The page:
Why We Don’t Do Traditional Birthday Presents (For Now) & What We Do Instead
In our family we’ve chosen to go a slightly different route when it comes to birthdays… for now.
Let me start by saying, I have nothing against birthday presents. I’m thankful for all the birthday presents I received growing up. But at this point in our family life the toy situation is on the brink of “out-of-control” as it stands. Keeping our things down to a reasonable quantity is hard enough without us adding to the madness.
“More stuff” in and of itself is not bad, but the love of it can seep into our hearts oh-so easily.
There are few things more unpleasant in a child than an “entitled or ungrateful attitude.” This is something I work to prevent as much as possible as a parent.
“More stuff” can take our eyes off the things that really matter. This has certainly been true for me at times. Instead of making us more content, it can actually make us less content. It’s not always the answer.
And then there’s the mess of it.
But there’s something else. Something that does satisfy, refresh, delight and nourish the soul. Relationship– presence.
So, instead of adding to the clutter when birthdays roll around, we’ve decided to do something that we believe will be even more meaningful. We spend time with our children. We make memories. We give them an experience, time together as a family. We have an adventure.
Here’s how it works:
- Our kids know ahead of time that, for their birthday, they will get to pick something fun to do as a family. We clarify and set the expectation so they won’t be expecting a physical present. We want them to be excited, not disappointed!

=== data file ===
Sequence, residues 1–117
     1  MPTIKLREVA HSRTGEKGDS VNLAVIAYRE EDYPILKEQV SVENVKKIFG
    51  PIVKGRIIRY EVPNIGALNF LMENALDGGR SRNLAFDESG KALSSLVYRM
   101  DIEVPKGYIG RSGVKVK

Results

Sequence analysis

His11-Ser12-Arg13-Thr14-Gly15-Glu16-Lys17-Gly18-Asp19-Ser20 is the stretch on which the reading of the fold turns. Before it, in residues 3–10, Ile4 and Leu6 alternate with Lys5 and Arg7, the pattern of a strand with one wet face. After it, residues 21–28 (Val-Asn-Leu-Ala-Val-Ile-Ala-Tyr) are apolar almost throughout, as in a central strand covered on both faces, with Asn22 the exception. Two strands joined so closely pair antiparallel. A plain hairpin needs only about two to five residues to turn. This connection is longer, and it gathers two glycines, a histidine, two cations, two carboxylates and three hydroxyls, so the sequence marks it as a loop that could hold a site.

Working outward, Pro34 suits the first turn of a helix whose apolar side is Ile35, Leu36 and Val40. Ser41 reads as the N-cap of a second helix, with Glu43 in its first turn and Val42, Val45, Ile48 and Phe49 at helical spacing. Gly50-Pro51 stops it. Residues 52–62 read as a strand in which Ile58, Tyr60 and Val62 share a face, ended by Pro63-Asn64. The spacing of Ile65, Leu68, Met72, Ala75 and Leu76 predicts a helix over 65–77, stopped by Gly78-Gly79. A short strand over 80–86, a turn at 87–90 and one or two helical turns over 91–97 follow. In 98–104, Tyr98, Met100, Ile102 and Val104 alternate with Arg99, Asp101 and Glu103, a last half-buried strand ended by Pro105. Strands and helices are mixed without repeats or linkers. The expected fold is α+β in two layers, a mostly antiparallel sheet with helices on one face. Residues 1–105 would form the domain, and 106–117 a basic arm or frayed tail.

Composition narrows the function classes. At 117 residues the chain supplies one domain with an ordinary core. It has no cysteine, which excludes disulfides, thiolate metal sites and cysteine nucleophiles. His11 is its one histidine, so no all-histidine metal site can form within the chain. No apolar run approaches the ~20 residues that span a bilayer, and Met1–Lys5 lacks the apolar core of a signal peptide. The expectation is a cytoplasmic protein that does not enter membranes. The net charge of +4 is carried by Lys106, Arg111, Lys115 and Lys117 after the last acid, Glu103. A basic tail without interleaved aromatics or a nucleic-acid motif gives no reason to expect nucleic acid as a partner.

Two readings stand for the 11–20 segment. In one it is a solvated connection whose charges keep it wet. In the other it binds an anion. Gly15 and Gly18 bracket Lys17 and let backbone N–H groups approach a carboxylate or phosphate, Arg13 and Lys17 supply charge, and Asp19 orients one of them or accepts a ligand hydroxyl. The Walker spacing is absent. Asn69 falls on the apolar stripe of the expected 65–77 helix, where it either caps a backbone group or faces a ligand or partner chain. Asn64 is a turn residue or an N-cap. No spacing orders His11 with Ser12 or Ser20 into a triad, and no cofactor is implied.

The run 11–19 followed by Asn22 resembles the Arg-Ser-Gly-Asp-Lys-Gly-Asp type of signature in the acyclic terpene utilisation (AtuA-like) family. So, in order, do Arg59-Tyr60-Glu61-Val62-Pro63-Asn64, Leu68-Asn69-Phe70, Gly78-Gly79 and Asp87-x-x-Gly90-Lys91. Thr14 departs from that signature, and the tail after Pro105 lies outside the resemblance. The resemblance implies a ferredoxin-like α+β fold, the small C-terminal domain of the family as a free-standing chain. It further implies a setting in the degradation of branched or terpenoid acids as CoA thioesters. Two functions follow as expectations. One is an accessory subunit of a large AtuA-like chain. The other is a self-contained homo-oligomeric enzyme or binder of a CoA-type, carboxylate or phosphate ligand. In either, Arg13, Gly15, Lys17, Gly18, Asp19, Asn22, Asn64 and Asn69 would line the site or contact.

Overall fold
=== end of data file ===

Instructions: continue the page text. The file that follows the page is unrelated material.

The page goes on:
- They get to plan and dream and research and decide what they want to do.
- When their birthdays come, we make the day all about them, as much as possible. We say yes. We give them extra attention. We listen to them and talk to them. We delight in them, and they know it. We tell them how special they are. We do what they want to do within reason. I pushed my little daughter in the swing for an hour this year on her 3rd birthday. For her that’s about as good as it gets.
- We have a fun day out together as a family.
- We make a special birthday dinner (honoree’s choice) served up on a special birthday plate. We sing and have cake. We celebrate, and we spend more time together as a family.
Now, just to clarify, our kids do still get some birthday presents from friends and family members who love them and want to show it. We’re okay with that. It’s fun for them and those giving to them.
However, as far as our part goes, we resolved to give them ourselves and skip the stuff. (At least for now… I may feel differently in a year or two, who knows?)
At this point, I would rather buy them something unexpectedly “just because” than to train them to expect or feel entitled to presents.
I actually do love gift giving. I want to do it in freedom rather than obligation.
**Update** We tried it again for birthday #4! Read about that here.
What’s your reaction to this approach? How do nurture a non-materialistic and non-entitled attitude in your children?
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